The key to gaining claim of the area, he explains, is establishing a presence. And he’s confident in our nation’s ability to do so. At this point, the biggest challenge is dealing with naysayers who are upset that the ice is being broken up instead of conserved. To them, Oriondo says, “It’s like building a new mall where a meadow used to be. Like, it was fine as a meadow, but now there’s a mall there, you know? Who doesn’t like a good mall?”
WASHINGTON, D.C.—This past Friday, Standard and Poor’s downgraded the U.S. credit rating from AAA to AA+, indicating a less favorable projection of the United States’ ability to repay debts. While this may affect the government’s ability to borrow from other countries going forward, it has also had a tangible, immediate impact on many U.S. citizens.
Joseph McInnes, a small business owner in nearby Arlington, V.A., expressed a sentiment shared by many, “This whole debt ceiling thing has been crazy. It’s amazing how broken everything is.” When asked to elaborate, McInnes replied, “I don’t know what would have happened if they hadn’t reached an agreement, but man, they should have done it sooner, I think.”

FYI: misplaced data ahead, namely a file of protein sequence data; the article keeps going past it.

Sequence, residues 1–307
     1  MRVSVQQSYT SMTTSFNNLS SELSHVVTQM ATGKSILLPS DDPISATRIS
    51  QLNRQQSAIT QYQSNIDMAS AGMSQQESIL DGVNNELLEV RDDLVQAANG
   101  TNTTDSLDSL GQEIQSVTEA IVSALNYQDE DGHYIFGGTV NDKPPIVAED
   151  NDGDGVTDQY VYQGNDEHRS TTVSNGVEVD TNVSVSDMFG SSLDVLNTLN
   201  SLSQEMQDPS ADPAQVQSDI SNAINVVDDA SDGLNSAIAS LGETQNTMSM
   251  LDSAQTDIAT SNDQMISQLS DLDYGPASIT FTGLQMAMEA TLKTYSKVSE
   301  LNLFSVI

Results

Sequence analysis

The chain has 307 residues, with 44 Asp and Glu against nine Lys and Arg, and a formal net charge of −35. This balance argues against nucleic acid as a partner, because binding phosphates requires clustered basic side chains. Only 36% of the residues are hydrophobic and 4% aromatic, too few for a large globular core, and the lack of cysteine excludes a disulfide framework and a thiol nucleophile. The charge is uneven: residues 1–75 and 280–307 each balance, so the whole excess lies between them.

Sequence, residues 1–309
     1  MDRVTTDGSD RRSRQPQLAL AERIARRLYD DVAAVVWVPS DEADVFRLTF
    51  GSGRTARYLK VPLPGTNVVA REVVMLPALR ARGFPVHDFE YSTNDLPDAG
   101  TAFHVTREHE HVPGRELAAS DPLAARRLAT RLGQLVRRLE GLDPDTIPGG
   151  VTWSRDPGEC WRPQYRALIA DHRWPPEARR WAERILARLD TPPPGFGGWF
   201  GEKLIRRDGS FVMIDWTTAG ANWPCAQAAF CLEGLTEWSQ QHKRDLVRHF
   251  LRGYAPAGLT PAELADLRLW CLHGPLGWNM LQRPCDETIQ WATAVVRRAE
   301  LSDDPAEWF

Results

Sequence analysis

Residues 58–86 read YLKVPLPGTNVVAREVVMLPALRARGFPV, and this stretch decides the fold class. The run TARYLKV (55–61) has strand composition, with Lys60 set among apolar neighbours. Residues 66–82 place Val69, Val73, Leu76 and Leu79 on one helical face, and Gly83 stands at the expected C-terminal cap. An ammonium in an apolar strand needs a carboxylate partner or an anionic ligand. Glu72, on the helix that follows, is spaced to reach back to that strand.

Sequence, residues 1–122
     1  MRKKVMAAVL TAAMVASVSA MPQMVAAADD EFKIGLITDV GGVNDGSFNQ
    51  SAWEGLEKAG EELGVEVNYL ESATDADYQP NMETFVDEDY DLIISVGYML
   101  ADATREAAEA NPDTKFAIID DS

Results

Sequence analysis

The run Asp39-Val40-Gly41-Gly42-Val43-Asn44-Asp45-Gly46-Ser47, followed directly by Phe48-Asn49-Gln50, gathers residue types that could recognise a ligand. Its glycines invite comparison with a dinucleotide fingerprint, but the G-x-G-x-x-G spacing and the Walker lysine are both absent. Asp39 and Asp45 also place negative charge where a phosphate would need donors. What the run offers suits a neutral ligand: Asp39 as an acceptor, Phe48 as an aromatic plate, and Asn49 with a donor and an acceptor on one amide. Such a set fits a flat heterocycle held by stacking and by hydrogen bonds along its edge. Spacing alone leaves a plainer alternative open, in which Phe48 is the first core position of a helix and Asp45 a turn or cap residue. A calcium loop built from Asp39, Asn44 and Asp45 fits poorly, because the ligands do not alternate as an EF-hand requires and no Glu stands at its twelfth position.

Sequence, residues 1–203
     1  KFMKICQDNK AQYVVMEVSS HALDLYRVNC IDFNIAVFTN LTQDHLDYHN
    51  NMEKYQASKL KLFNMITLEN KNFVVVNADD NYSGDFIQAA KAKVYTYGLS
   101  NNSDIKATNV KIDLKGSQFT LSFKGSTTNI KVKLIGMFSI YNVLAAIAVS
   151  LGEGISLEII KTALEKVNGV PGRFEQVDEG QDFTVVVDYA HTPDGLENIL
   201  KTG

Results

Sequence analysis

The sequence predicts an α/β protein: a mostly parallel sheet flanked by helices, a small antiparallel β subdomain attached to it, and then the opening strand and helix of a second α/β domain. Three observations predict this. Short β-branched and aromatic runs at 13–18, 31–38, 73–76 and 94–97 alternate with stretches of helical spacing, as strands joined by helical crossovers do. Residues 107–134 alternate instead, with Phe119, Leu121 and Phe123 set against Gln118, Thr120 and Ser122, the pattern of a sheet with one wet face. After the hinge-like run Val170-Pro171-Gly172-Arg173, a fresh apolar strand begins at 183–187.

McInnes’ wife, Holly, continued, “You know, I was really upset when I heard about the downgrade, but to be honest, I don’t know what it means except that it’s probably not good. I’m not sure how it affects me, or if it changes anything about how Congress would have done things anyway.”
Mrs. McInnes went on to explain that while she’s fairly well-informed about current events, and would like to find a way to help - or properly express her feelings, at least - she has “literally no idea” what’s going on. She ended by stating, “I tried to watch the news too, but they’re just arguing about the arguing. I mean, I’m not going to stop trying to figure it out, but, ughh.”